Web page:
|Project by mileskimball||posted 06-13-2016 02:27 PM||430 views||0 times favorited||5 comments|
On my way to hang insect replicas in trees (that is, fly fishing), I noticed a guy working with a woodpile from a tree that had obviously just been taken down. It was pretty massive sugar maple, leaving a 6-7’ diameter stump.
As a woodturner, I’m always scouting for likely logs by the side of the road. I stopped and chatted with Stu Clancey, who was a really nice guy. Turns out he and my dad were both purchasing agents, so I regaled him worth stories about the rivalry between my dad and my stepdad, who, wouldn’t you know it, was a corporate salesman. Natural enemies of the corporate world, you know, one trying to get as much money as possible, the other, to spend as little money as possible. You meet the nicest people through woodworking!
He and I both noted that the crotch was going to be a pain to split for firewood, so I asked if I could take if, along with a smaller log that I plan to get a “thank you” bowl out of for Stu.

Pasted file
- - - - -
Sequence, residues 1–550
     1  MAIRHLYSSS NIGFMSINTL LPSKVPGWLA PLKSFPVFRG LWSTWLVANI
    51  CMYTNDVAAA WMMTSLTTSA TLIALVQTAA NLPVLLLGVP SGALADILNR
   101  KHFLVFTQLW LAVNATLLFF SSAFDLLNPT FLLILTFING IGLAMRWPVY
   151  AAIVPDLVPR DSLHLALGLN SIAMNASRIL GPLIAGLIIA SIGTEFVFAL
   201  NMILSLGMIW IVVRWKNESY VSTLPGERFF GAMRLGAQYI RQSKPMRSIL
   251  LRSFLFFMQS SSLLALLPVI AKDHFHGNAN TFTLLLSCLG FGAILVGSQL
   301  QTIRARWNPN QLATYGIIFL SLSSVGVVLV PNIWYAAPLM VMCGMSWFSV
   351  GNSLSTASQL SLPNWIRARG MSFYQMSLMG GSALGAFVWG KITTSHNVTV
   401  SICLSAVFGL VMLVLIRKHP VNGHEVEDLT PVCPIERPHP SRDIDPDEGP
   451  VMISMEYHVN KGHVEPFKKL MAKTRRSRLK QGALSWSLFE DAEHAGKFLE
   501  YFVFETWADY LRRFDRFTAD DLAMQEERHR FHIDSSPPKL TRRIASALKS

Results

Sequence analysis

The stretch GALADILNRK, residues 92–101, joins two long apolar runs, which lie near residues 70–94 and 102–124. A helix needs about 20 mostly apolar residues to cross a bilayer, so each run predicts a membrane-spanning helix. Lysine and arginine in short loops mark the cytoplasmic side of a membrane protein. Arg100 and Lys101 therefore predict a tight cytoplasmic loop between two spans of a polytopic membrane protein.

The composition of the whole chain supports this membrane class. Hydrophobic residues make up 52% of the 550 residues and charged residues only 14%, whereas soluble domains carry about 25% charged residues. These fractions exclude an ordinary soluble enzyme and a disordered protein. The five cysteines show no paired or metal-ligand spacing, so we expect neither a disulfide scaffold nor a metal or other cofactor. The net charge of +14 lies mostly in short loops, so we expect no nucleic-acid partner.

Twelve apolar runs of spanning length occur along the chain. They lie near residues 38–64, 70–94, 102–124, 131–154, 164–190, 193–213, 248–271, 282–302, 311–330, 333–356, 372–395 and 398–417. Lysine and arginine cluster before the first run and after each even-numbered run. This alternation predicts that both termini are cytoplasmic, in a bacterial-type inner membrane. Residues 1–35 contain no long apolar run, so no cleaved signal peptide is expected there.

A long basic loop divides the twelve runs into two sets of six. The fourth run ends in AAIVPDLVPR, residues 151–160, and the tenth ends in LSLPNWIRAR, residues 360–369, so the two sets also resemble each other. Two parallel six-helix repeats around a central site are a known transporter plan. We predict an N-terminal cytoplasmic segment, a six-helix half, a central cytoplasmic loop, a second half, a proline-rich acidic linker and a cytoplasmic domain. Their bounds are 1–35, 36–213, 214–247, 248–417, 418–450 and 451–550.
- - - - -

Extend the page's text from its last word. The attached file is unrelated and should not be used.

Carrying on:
The crotch was a beast. At least 100 pounds. I had to hack away at it with a chainsaw until I could get a blank that would fit on my lathe, a Nova DVR 2024. The problem with a crotch is that the various branches exiting the trunk have different densities, and they’re not all spaced equally. So anything you turn out of it will never be in balance. So I had to start at 100 rpm, and I was able to build up only to 800. Even so, it made the lathe dance.
One of the challenges of a crotch bowl is figuring out how to orient the bowl in the log. I chose to do an end-grain bowl, as if it had been sitting there upright in that tree for a hundred years or more. I wonder what it witnessed as it sat by a road in upstate New York all that time?
The natural edges were tricky. They made the gouge bounce a bit, which was exacerbated by the differing grain densities at different points around the bowl. Then I decided on a undercut lip, as if I didn’t already have enough challenges.
Finished with shellac and paste wax for now. Finished diameter: about 17”. Height: 7”